WHO concerned: More and more measles cases in Europe

WHO concerned: More and more measles cases in Europe
The declining vaccination rate is the main cause of the many measles cases.

In the first three months of this year, more than 56,600 infections and four deaths were recorded in the WHO European region, which also includes Central Asia, the World Health Organization’s regional directorate announced on Tuesday. That is only 5,000 fewer infections than in the whole of last year. At the same time, this represents a 60-fold increase compared to 2022.

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In Austria, too, there are already many more cases this year than in the whole of last year: Since the beginning of the year, 434 confirmed cases of measles have been recorded in the epidemiological reporting system (EMS) (as of May 28, 2024, 7:00 a.m.). AGES (Agency for Health and Food Safety) also has information on hospitalization for 426 measles patients: 81 people (19 percent) were treated in hospital, four of whom were in an intensive care unit.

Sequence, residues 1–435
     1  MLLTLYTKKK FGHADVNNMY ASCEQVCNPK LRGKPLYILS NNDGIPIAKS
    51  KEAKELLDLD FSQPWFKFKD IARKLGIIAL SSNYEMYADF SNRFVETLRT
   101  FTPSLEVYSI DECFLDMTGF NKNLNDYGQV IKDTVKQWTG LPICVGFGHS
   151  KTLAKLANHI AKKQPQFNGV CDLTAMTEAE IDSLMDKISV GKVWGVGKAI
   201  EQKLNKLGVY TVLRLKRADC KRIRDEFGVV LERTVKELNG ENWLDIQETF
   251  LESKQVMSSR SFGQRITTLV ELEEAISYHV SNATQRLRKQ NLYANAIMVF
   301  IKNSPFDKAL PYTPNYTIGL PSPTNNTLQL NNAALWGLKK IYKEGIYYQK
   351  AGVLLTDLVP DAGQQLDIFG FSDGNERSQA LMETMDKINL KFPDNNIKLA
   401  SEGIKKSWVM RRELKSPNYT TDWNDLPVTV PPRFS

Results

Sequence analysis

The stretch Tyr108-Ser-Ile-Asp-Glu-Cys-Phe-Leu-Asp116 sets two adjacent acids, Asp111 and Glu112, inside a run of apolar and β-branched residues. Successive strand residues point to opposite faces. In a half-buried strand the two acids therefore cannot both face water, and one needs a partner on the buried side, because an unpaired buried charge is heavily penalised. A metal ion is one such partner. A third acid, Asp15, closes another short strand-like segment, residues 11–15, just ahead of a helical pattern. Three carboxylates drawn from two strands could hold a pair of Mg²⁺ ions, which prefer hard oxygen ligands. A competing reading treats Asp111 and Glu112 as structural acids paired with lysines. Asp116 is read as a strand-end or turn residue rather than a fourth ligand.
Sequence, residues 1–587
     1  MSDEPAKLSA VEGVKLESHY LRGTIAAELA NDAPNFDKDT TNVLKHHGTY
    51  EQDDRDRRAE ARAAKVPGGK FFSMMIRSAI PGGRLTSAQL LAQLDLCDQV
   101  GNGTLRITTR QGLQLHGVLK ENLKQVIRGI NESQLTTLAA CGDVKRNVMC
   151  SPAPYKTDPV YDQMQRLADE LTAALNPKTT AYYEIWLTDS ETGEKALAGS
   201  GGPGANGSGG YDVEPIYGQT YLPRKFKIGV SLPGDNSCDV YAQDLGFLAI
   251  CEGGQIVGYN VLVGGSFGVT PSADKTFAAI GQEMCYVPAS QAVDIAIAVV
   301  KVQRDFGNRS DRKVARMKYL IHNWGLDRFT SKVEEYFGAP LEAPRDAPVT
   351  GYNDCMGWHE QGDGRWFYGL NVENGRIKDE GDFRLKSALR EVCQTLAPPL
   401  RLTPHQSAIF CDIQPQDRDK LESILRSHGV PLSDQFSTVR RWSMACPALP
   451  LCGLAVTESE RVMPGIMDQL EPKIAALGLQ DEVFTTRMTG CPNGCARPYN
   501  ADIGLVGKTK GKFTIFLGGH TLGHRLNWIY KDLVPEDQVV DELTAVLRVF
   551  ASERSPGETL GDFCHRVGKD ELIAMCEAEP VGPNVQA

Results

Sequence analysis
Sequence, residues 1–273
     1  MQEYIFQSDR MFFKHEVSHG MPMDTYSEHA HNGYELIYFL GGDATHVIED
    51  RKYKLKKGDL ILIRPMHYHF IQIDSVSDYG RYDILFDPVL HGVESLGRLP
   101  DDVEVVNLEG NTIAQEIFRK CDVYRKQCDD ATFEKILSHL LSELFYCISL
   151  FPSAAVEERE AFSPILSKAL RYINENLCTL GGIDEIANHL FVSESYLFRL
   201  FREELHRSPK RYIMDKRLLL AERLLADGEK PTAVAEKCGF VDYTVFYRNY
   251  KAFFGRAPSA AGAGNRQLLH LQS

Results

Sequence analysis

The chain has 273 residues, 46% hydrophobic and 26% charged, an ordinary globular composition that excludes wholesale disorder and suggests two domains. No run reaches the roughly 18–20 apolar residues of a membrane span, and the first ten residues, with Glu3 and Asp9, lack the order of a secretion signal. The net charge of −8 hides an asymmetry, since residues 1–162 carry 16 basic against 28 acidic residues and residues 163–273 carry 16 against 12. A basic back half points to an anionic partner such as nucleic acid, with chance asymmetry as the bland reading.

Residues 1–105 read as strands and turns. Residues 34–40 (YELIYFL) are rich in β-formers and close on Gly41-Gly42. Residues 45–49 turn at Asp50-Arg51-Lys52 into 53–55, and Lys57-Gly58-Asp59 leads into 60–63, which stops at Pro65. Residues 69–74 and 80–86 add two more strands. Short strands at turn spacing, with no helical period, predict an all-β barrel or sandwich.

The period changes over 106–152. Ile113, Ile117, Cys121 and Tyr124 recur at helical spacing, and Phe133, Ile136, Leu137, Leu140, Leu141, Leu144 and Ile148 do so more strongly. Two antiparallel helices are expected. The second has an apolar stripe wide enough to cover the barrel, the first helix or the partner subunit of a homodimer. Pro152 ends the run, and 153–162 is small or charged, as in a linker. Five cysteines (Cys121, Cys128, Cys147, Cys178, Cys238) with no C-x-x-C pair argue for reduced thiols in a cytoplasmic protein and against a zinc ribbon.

“More cases of measles are to be expected,” warns AGES. For comparison: In 2023, a total of 186 cases of measles were recorded in the reporting system. At that time, 49 people were treated in hospital.

Declining vaccination rate as a cause

WHO Regional Director Hans Kluge called on the countries in the region to take immediate action to prevent the virus from taking hold in the population. A main reason for the rising numbers is a declining vaccination rate. In order to eradicate measles, at least 95 percent of a population must be fully vaccinated against the disease. According to the WHO, however, the global vaccination rate has recently fallen to 83 percent, for example due to missed vaccinations during the corona pandemic. The vaccine is available free of charge to everyone in Austria at public vaccination centers and is recommended from the age of 9 months.

Measles is a highly contagious viral disease that is transmitted more quickly than the flu, for example. In addition to typical symptoms such as fever and red rash, life-threatening complications such as meningitis can also occur. Although measles is often perceived as a typical childhood disease, unvaccinated adults can also become infected.

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